According to a 2017 report by the U.S. Senate Committee on Small Business and Entrepreneurship, whose ranking member is Senator Jeanne Shaheen (Democrat, NH), there are an estimated 11.6 million women-owned businesses in the U.S., representing 39 percent of all for-profit companies. Women-owned businesses employ nearly 9 million workers and generate more than $1.6 trillion in annual revenue. Women are launching businesses five times faster than men; but, women-owned companies earn less revenue than those owned by men and their market share and revenues grow more slowly. So, what’s happening with our startup funding?
The most recent census (2010) recorded that women constitute 50.8 percent of the U.S. population — why don’t we own and operate more businesses and most of all, why aren’t our companies more robust? Cultural traditions, few influential mentors and insufficient access to capital pretty well sum up the shortfalls.
Throughout history, women have been productive and resourceful workers. Yet, cultural expectations and practices have relegated us to low-paid, low-status work. As a result, women’s entrepreneurship has often meant hawking fruits and vegetables in open markets and earning very little money.
The needle hasn’t moved much in so-called enlightened Western society. Unequal access to C-suite and other leadership-level employment has left women with a stubborn gender pay gap that undermines bank accounts and credit worthiness. Women often face limitations when attempting to either self-finance or obtain a loan for business growth and expansion, because it takes money to make money and women have less.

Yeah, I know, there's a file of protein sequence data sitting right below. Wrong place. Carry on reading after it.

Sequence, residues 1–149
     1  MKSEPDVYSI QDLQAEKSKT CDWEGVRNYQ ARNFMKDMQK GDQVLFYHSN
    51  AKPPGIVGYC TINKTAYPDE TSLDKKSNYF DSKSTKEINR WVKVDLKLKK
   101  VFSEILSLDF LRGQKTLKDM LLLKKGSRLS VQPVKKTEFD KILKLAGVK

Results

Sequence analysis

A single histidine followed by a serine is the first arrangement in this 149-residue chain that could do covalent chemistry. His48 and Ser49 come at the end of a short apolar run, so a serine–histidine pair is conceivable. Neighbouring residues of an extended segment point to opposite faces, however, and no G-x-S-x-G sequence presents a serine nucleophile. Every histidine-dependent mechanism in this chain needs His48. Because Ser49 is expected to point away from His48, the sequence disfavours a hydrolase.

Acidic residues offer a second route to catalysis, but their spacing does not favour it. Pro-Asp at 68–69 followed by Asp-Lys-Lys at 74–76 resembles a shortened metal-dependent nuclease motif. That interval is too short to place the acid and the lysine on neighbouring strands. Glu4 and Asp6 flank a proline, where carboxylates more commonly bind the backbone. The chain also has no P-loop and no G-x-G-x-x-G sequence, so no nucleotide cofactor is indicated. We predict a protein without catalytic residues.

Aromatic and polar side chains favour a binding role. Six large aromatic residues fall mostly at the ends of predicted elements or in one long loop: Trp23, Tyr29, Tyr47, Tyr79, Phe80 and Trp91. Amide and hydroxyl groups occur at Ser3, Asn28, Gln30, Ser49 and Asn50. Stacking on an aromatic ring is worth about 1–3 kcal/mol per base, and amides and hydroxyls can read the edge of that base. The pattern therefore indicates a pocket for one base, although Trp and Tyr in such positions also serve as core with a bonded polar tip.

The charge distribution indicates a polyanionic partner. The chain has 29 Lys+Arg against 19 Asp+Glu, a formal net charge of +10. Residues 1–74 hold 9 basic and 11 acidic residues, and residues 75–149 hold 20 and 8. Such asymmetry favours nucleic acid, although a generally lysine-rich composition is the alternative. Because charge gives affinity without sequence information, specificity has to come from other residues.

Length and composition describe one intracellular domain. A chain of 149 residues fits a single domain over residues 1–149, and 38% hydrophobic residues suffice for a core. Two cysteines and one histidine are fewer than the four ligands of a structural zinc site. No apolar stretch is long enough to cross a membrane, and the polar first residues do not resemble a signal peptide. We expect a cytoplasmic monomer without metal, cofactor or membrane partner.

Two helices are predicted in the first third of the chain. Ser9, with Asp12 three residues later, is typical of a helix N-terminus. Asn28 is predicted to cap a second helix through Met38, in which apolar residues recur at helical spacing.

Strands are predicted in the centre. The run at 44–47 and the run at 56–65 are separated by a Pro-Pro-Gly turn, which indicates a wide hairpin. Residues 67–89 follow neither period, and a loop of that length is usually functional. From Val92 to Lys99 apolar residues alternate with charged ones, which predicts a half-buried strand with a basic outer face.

Furthermore, women have fewer role models and mentors to provide visible signs of yes-you-can success that provides inspiration and guidance to aspiring entrepreneurs. We don’t have the support system that encourages risk-taking and it undermines our ability to launch and lead successful ventures.
Crunchbase, the startup database, reported that globally, 43,008 venture capital-backed companies were founded between 2009 and the first quarter 2017 and 6,791, or 15.8 percent, of those startups had one or more women on the founding team.
The Crunchbase report showed that in 2016, startups founded by men received a total of $94 billion in seed investment fundraising and startups that had even one woman as a founder received a total of $10 billion. Startups with one or more women founders raised 19 percent of all seed investment rounds, 14 percent of early-stage venture rounds and 8 percent of late-stage venture rounds.
Consider those statistics another way. Startups whose founders were men received 81 percent of seed investment funding that was handed out, 86 percent of early-stage venture rounds and 92 percent of late-stage venture rounds. All-male founding teams received $84 billion more seed investment capital than founding teams that included even one woman.
Ladies, let’s take this matter into our own hands. As it’s been said, power is not given; real power is taken or created. We must rise to the occasion and leverage the power that we own. The time is now.
Women (and men) in leadership positions are asked to pay it forward and mentor women.
A November 2014 report by the Ewing–Marion Kaufman Foundation states that women have few advisers who can direct them (us!) to networks or organizations that can help them to start and grow successful businesses. A September 2013 report by the Small Business Association found that mentorship is closely linked to small business success. Owners who receive three or more hours of counseling a month report higher revenues and employment growth than those who receive no business counseling.
In the office, department heads can ensure that female staff members receive skills and leadership development training that position them for career-enhancing projects and promotions. Skills acquired in the workplace are the skills that we’ll apply to building our own ventures at some point, if we choose.